Who Invented DNS(Domain Name System)?

The origins of DNS are a mystery to many people. Who invented it? How did it come about? These questions have puzzled computer scientists for years. In this blog post, we’ll explore the history of DNS and try to answer these questions. Stay tuned!

What is dns?

The Domain Name System, or DNS, is the system that helps us to match up human-friendly domain names like www.example.com with their corresponding server IP addresses. In other terms, it facilitates our web browsing!
Domain names are converted into IP addresses by DNS to function. When you type a domain name into your browser, DNS will look up the corresponding IP address and then direct your browser to that website.

An exclusive IP address is assigned to each domain name. DNS is a distributed system, which means that there are many DNS servers around the world that help to keep the system running smoothly. When you type a domain name into your browser, your computer will contact a DNS server and ask for the IP address associated with that domain name. The DNS server will then respond with the IP address, and your computer will connect to the website with that IP address.

DNS is a critical component of the Internet. It ensures that users can find websites and that emails are delivered to the correct recipients. DNS is also used to implement website security features like DNSSEC and DNS-based firewalls.

Who Invented DNS?

The Domain Name System (DNS) is a critical part of the internet, yet most people don’t know who invented it.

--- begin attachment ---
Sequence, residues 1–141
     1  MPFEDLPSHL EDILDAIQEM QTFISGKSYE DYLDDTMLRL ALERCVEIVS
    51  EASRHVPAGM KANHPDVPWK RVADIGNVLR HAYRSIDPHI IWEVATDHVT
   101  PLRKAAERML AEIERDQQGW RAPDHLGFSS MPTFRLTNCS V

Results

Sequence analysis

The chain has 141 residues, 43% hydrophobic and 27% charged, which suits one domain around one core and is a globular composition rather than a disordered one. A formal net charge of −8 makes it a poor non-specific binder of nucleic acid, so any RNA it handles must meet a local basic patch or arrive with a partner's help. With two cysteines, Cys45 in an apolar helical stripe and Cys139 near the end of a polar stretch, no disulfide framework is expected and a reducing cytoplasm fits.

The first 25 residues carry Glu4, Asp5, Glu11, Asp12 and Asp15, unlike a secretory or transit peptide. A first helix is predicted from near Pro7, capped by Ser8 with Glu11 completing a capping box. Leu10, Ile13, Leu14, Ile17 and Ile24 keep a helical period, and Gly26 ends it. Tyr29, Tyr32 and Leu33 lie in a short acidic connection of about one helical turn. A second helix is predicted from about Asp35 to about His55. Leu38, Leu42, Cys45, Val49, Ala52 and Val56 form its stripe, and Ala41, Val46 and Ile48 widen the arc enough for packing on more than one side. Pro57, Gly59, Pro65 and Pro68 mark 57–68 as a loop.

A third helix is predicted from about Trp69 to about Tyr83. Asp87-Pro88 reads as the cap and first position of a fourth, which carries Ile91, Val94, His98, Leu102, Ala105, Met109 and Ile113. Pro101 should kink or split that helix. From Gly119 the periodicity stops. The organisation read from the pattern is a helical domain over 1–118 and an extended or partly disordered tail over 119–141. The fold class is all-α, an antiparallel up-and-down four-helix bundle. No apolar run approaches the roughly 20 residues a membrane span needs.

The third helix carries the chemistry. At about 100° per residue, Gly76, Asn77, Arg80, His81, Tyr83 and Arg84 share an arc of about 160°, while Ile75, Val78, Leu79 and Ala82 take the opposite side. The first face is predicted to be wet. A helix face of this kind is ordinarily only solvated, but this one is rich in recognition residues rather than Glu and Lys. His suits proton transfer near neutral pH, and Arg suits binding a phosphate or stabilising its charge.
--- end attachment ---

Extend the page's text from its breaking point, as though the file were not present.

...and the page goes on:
DNS was created in the early 1980s by Paul Mockapetris, who was working on research for the US military at the time
Paul Mockapetris

DNS was created in the early 1980s by Paul Mockapetris, who was working on research for the US military at the time. His original intention was to create a way to easily connect computers on different networks.

The DNS system developed by Mockapetris was initially used in 1983, and other organizations started to progressively adopt it. By 1985, it was being used on the ARPANET, which was the precursor to the internet. Today, DNS is a vital part of how the internet works. It allows us to connect to websites using easy-to-remember domain names, instead of difficult-to-remember IP addresses.

We would still be using the internet if DNS didn’t exist, but it would be lot more challenging and annoying. So next time you use the internet, take a moment to thank Paul Mockapetris for his invention!

Also Read: Do you know Who Discover www?

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